Elko thinking he had the personnel to back off if receivers to contain long gains almost worked. We just lacked the offense to control the ball like last year. I think that's due to new online and new QB.

Kenyon staying at guard is a failure to develop and to build depth. His failure at tackle would not have been as stark if the depth could fill in with ready next up.

I'm not fussing about this. Just that it feeds unrealistic expectations. The analysis needs to be humble to be helpful in providing a meaningful narrative of what we are all seeing. At the least provide a balancing explanation that is a better take if you're going to speculate with negative themes.
MookieBlaylock
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An interception on a well-thrown pass that ricocheted off receiver Demond Demas

I guess you consider it well thrown bc it was behind the receiver and not 15 yards over his head

TheWoodsAg
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"Well thrown" is quite a stretch.
MaroonStain
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It was a catchable pass FFS.
Mule
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PTSD from the Pirate's day of pilfering RC Slocum's and Fran's teams.

Elko clearly did not watch film from those days. He did exactly the same thing that Slocum and Fran tried to do. Although he has the athletes to put pressure on the QB, he chose to not scheme along those lines. He let that QB get comfortable as a cucumber. And once said cucumber started picking apart his vaunted D, he had no answer because he did not have disguised blitz packages. He was more predictable than Jimbo last night.

His D played soft and did not check receivers at the LOS. Where is the physicality from this D? Where is the intimidation factor? Where are the turnovers?
Texas Aggies
12thMan9
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Camrossmartin said:

Feels like the key difference between last year's team and this year's (mentally speaking) is last year had the attitude of kicking the door into the party and not apologizing for it. This year it feels like that guy showing up and respectfully asking the bouncer to let him through, but the bouncer just ignores him. Then the guy asks super nice again before realizing he's not getting in. So he decides to go to a Waffle House instead because no one will expect him to be there, and it'll be the perfect place to hide his face for a while. That way, he doesn't have to show back up at the apartment and explain to his roommates that he actually couldn't get into the exclusive club.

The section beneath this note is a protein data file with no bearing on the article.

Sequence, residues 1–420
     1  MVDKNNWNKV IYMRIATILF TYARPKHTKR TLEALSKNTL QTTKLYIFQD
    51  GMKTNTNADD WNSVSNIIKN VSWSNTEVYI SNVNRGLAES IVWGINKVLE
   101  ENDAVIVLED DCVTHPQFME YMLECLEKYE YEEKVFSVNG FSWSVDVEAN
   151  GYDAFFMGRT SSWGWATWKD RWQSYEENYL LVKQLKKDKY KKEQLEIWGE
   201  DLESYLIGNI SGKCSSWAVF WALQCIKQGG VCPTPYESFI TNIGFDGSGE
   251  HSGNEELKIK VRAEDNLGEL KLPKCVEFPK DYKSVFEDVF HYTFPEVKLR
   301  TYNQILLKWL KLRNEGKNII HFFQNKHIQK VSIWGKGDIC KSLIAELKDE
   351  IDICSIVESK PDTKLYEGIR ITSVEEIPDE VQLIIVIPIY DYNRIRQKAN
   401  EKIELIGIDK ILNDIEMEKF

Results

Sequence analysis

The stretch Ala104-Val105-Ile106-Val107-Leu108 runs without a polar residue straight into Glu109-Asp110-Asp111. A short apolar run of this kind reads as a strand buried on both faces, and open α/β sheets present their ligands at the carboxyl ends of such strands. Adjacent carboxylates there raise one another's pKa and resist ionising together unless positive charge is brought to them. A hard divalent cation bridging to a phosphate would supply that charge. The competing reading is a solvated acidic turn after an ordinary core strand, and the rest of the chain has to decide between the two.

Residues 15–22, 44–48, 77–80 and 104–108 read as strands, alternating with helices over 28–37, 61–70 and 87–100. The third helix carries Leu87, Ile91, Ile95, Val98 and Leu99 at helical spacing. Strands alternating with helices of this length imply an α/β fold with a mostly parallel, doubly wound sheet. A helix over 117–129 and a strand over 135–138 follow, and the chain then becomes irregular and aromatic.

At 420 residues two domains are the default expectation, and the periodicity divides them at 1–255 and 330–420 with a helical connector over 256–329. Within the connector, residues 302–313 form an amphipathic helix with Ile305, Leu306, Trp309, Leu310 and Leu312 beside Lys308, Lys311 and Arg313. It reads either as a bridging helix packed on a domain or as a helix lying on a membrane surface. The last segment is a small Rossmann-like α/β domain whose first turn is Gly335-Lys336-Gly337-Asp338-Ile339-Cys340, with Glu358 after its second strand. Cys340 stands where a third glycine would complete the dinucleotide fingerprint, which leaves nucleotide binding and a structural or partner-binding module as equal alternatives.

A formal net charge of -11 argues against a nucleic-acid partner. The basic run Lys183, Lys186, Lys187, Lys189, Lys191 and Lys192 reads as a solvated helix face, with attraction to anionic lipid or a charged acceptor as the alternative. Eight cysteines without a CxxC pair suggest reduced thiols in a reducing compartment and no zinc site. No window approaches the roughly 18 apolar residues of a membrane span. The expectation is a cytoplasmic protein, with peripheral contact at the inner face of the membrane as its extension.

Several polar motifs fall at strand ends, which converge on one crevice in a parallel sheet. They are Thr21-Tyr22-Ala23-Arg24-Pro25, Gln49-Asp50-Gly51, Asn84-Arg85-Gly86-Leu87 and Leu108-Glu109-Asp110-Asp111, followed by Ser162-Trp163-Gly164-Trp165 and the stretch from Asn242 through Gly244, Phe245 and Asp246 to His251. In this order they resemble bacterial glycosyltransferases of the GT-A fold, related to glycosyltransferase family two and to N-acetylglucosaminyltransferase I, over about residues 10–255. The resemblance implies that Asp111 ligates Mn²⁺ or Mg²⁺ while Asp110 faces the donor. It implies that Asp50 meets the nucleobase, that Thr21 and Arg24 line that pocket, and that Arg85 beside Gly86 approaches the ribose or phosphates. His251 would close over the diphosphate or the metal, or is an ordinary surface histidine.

Not true. No Waffle House in BCS.
Ronnie '88
DGAG92
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MaroonStain said:

I agree on all with a BIG note on mistakes.

We make waaayyyyy too many mistakes.


And they're elementary mistakes at critical moments in the game. Do we have one punt return without a block in the back or a hold?
Class of 1992
cheroczech
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Olin needs to watch that interception again. It was not a well thrown ball. Unfortunate bounce, but still that ball was thrown behind the receiver.
HighwaySix
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We might as well have walk-ons for the Special Teams. They would probably produce less penalties and wouldn't require scholarships or be distracted by NIL crap.
DGAG92
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cheroczech said:

Olin needs to watch that interception again. It was not a well thrown ball. Unfortunate bounce, but still that ball was thrown behind the receiver.


Oh for the love of Pete, the throw was fine. Have you ever thrown a football? Ever thrown one on the run? Ever thrown one in an SEC game to FIVE STAR receiver where you hit him dead in the hands? Shut up with that bull***** Demas is a FIVE STAR receiver, I assure you he's NOT blaming Calzada for throwing it too hard and off target by your one foot. Catch the ****ing ball period.
Class of 1992
HighwaySix
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DGAG92 said:

cheroczech said:

Olin needs to watch that interception again. It was not a well thrown ball. Unfortunate bounce, but still that ball was thrown behind the receiver.


Oh for the love of Pete, the throw was fine. Have you ever thrown a football? Ever thrown one on the run? Ever thrown one in an SEC game to FIVE STAR receiver where you hit him dead in the hands? Shut up with that bull***** Demas is a FIVE STAR receiver, I assure you he's NOT blaming Calzada for throwing it too hard and off target by your one foot. Catch the ****ing ball period.
Playmakers MUST catch a ball anywhere in the area to be considered playmakers.
cheroczech
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So you agree with Olin? It was a well thrown ball?
AGNinBCS
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It was a good throw. Demas tried catching it into his chest instead of reaching out with his hands.
90ags
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While it was not a perfect throw leading Demas, it was more than catchable if Demas used his hands and not his body (granted, maybe the speed of the throw had the pass on him too quickly to react). There's a catching radius of WRs that the NFL covets and this one would be considered 'catchable' (Demas has to make these catches today and in the future if he wants to go to the next level).